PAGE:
But there is not one word, good, or bad, for, or against Pope Joan in it. If he rejected it, he rejected it by silence.

Pap. But' Johannes Aventinus rejected it in plain words : And he wrote a good many years before Onuphrius.

Prot. Johannes Aventinus (I grant) rejects it as a fable in one word, but he gives no reason of his rejecting of it. Besides, - Bellarmine casts him off as a writer of small credit; and · Baronius brands him, not merely tor a scabbed sheep, but for an heretical scabby beast, destitute both of honesty and learning; and divers of your popes have * cried down this history, as unworthy of reading; wherefore I see no reason, that his reasonless, rejecting of it doth any way prejudice the truth of it. What have you else to say?

Pap. First I would know, Who told you there was such a marble image in one of the streets at Rome?

Prot. 5 Theodoricus de Niem, who was secretary to one of your popes, told me that; for. Adhuc vetus statua marmorea illic posita figurativè monstrát hoc factum,' saith Theodoricus de Niem; that is, Unto this day an old marble image erected in that place sheweth the matter under a figure.

Pap. Indeed * I cannot deny but that in former ages many have said so, and, to confess a truth, I myself have read as much in Antonius, archbishop of Florence, and in Peter Mexia. But verily that image resembled no such thing. For neither was it like a woman lying in child-bed, nor was the boy, which was engraven by her, like a child in the swadling-clouts, but like one of some years.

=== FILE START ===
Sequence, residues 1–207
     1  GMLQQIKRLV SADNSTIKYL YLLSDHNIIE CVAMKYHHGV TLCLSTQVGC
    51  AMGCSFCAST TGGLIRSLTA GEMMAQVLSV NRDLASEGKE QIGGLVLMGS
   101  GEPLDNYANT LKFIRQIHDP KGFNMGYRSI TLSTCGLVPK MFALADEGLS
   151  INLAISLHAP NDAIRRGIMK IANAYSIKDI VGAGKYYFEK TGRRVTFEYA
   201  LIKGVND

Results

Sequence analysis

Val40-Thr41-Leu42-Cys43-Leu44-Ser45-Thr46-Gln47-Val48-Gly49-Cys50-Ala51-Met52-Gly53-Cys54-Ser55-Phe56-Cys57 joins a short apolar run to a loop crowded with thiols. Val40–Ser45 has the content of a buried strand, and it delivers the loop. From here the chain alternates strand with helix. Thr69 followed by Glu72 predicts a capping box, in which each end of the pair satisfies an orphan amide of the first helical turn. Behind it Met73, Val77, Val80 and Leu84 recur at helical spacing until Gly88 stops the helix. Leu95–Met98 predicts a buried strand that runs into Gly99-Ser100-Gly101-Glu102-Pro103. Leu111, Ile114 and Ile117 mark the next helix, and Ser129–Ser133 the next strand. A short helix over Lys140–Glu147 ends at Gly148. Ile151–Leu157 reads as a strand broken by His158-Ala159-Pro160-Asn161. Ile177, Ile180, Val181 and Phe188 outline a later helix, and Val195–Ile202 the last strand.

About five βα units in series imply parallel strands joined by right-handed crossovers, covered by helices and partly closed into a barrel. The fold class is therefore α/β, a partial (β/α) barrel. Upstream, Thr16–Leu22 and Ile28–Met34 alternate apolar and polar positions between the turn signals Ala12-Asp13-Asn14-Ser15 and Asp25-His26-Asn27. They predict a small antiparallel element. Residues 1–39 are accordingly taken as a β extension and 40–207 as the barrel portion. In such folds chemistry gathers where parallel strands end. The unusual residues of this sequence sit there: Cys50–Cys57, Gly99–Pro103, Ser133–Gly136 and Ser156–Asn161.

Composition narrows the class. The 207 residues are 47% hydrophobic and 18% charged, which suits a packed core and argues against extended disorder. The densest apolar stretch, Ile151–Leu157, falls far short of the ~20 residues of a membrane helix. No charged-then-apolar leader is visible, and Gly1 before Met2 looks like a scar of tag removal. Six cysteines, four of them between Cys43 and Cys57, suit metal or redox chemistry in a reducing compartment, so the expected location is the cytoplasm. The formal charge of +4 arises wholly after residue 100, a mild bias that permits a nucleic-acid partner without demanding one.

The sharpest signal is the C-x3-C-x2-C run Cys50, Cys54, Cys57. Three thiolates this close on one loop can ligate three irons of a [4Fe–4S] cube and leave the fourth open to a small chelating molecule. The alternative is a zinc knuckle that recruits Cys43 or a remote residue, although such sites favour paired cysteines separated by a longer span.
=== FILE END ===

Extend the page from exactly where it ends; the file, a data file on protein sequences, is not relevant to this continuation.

Prot. This your exception is to no purpose; for that age was a learnless and

And therefore, perhaps, had no more skill in engraving, carving, and painting, than’ they had (of whom we read in an epistle of Sir Thomas More's unto Frasmus) who pictured an hare and a grayhound so like, that no man could know the one from the other, till he, full wisely, writ under, This is the dog,—This is the hare; as they of whom Appian writes, making mention of some, 8 who were driven to set either under, or above their pictures,

Hoc est bos, illud equus, hic arbor,' that men might know what kind of creature it was that they had painted. Questionless Æneas Silvius, pointing to a better time than that of Pope Joan's, condemns the painters and carvers thereof, for notorious bunglers, saying thus, ' Si ducentorum, trecentorumve annorum, aut sculpturas intueberis, aut picturas ; invenies non hominum, sed monstrorum portentorumque facies;' that is, If thou observe the engraven or painted images, which were made two or three-hundred years ago, thou shalt find, that they are faced more like monsters, and hobgoblins, than men. Now if they were such, what marvel, though intending to engravea woman travelling, or rather newly delivered of a child, they did it but untowardly? But what I pray you doth that image represent, if it represent not l'ope Joan?

witless age.

2 Joh. Aventinus author parum probatæ fidei, sa!th Bell. Append ad Lib. de sum. pont. Cap. 10.

3 Iofectam hæresis scabie bestiam, pietate & doctrina omnino desertam. Baron. Angal To. x. ad 996. Num. 54. 4 ln lndicious Lib. prohibitorum.

5 Lib. de Privilegiis & Juribus Imperii. 6 Florimond. Lib. citato, cap. 21. num. 2.

7 Inter opera Mori impressa Basil. 1563. Pag. 441. 8 Æliaa. de varia hist. Lib. X.

Epist. 120.